What’s magical about this potential fiasco is that Dogfish Head got involved and helped them turn the situation into a clear positive. They asked their followers to tweet the hashtag #gettngslizzerd and to donate to the Red Cross.

Essentially, a minor yet public error which could happen to just about any company got brushed off with good nature and then turned into a truly positive event for Red Cross by some quick-thinking at Dogfish Head. No doubt they did themselves some favours too.

Lesson Learned:

  • Make light of your PR misfortune if it’s something understandable.
  • Watch out for Hootsuite!
  • Help out other people on the brink of a PR disaster – it’s good for everyone.

Fetchnotes Email

Fetchnotes are a start-up who are only really launching publicly this week Fetchnotes To Launch With Easy-Sync Notes For Mobile And Web [News] Read More (read more about Fetchnotes here Make Note Capturing Effortless Using SMS With Fetchnotes [150 Invites!] When you think of digitizing your notes, there are a few cloud-based front runners of the digital note revolution. Aside from Reqall though, none of these apps can actually accommodate users that want to create... Read More ). They recently had a PR blunder which was thoroughly embarrassing and easy to understand. They sent out a test email which had some swearing in the body. It was intended just to go to the staff as an in-house test, but guess what? It ran like that to all users.

pr campaign disasters

The Fetchnotes team panicked and feared the worst, but in fact they got back many light-hearted responses. Lots of users smiled as they realised they were dealing with real people and not some faceless entity. Of course, there were a few users who were upset by the language and Fetchnotes made sure they apologised to each and every one of them.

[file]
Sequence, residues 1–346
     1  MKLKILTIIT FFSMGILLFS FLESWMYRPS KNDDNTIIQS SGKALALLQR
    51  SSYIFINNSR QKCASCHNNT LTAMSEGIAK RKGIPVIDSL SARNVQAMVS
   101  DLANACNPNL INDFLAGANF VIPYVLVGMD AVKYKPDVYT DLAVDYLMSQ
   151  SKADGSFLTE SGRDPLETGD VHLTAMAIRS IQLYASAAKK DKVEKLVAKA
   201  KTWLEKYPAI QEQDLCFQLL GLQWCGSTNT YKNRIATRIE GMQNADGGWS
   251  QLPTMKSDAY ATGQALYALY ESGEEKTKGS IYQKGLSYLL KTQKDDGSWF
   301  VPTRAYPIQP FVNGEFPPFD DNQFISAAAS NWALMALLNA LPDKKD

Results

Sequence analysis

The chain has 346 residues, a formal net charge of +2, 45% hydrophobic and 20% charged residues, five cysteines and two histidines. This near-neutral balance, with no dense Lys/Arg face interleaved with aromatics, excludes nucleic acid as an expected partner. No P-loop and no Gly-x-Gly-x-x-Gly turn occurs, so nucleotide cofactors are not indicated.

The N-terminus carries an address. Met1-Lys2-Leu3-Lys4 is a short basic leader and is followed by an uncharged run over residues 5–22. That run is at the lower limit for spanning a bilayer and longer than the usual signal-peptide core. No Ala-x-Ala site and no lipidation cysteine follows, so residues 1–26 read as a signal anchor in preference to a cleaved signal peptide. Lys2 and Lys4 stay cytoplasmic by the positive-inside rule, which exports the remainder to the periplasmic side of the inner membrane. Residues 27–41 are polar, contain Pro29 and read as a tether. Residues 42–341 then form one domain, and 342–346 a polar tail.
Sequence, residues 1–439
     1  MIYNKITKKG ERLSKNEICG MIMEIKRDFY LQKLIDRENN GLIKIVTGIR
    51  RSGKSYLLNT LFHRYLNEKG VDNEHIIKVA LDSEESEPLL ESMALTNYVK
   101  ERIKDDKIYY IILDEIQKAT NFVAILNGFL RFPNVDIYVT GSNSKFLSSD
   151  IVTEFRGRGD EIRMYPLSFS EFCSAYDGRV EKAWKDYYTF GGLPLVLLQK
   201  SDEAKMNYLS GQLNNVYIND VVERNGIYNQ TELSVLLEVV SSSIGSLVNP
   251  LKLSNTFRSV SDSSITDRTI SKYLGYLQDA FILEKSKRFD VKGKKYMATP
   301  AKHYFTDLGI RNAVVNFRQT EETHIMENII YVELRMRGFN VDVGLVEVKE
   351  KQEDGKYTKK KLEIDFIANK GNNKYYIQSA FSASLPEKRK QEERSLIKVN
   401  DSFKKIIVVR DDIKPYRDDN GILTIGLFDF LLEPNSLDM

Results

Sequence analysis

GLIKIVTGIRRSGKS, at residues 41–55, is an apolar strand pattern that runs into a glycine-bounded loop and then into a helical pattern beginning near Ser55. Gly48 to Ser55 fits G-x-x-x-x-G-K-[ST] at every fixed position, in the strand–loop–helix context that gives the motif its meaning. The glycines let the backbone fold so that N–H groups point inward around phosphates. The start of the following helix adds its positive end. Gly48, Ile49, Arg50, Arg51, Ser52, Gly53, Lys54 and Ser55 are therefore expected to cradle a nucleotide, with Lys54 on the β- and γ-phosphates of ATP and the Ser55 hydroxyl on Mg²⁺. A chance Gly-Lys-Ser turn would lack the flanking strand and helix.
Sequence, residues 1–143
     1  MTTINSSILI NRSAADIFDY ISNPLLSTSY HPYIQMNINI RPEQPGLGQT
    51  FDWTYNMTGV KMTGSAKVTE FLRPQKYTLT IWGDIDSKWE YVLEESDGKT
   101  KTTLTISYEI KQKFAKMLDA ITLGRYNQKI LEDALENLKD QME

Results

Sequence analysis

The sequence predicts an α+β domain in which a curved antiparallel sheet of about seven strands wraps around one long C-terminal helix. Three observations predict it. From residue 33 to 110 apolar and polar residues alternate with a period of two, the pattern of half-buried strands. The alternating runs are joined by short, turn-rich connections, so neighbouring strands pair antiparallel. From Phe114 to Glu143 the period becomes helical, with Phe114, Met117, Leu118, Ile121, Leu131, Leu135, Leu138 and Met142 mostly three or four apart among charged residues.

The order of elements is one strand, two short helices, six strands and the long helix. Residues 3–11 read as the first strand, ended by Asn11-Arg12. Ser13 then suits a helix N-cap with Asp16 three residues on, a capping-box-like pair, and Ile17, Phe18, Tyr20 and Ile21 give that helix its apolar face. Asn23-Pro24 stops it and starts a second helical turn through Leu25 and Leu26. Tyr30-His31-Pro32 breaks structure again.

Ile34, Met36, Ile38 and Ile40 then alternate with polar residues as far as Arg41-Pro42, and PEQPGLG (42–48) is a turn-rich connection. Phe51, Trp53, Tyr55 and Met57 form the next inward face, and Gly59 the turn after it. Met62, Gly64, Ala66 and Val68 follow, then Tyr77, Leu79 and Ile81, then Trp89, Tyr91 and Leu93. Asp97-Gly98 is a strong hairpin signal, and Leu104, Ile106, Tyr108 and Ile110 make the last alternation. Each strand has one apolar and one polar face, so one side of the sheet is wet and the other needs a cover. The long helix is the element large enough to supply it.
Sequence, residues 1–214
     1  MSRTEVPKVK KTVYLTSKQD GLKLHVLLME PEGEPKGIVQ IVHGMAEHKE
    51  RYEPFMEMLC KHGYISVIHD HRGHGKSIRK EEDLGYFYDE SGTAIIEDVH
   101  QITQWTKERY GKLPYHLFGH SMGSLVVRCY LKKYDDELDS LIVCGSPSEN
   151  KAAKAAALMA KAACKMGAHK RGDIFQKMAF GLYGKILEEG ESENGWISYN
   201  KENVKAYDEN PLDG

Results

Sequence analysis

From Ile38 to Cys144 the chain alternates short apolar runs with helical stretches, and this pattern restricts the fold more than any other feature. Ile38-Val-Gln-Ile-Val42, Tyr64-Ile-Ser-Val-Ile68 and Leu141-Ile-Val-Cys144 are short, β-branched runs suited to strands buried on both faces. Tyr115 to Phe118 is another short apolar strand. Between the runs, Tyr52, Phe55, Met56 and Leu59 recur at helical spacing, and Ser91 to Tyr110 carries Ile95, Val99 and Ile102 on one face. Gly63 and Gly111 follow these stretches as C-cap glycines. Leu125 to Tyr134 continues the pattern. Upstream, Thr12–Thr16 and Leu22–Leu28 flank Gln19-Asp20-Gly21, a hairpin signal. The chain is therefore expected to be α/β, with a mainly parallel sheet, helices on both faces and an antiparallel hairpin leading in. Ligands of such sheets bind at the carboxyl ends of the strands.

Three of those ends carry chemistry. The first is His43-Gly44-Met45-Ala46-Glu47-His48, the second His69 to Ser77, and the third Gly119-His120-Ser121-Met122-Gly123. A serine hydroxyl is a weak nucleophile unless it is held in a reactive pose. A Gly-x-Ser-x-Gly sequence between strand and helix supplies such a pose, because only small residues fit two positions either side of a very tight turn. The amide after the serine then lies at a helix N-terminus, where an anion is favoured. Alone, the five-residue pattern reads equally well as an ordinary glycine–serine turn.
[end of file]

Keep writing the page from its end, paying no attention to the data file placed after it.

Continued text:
The upside of their disaster is that they saw an increase in people using their service after the test email went out. It seems that a lot of people who weren’t regular users were reminded of the service and decided to try it out again. What more could a start-up wish for?

Lessons Learned:

  • Proofread your test emails and don’t joke about when you write them!
  • Laugh at yourself if required.
  • Personal apologies can go a long way.

Have you ever had to recover from a serious PR blunder online? If so, what did you do?

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  1. SuperJdynamite
    April 18, 2012 at 5:40 pm

    I have a rule: don't allow naughty words anywhere near software. Not in comments, test data, anywhere. If you do it will eventually end up in front of a customer. It's like the naughty words *want* to be seen.

    • Angela Alcorn
      April 23, 2012 at 4:43 pm

      That's an awesome rule. I might borrow it. :)

  2. philg
    April 18, 2012 at 2:50 am

    Always take your mistakes seriously but don't treat them seriously, admit you goofed, fix it and move on. Don;t dig your hole any deeper.

    • Angela Alcorn
      April 23, 2012 at 4:42 pm

      Good advice!

  3. Tim Brookes
    April 17, 2012 at 10:47 pm

    Awesome article, surprised I hadn't heard of some of these blunders before!

    • Angela Alcorn
      April 23, 2012 at 4:42 pm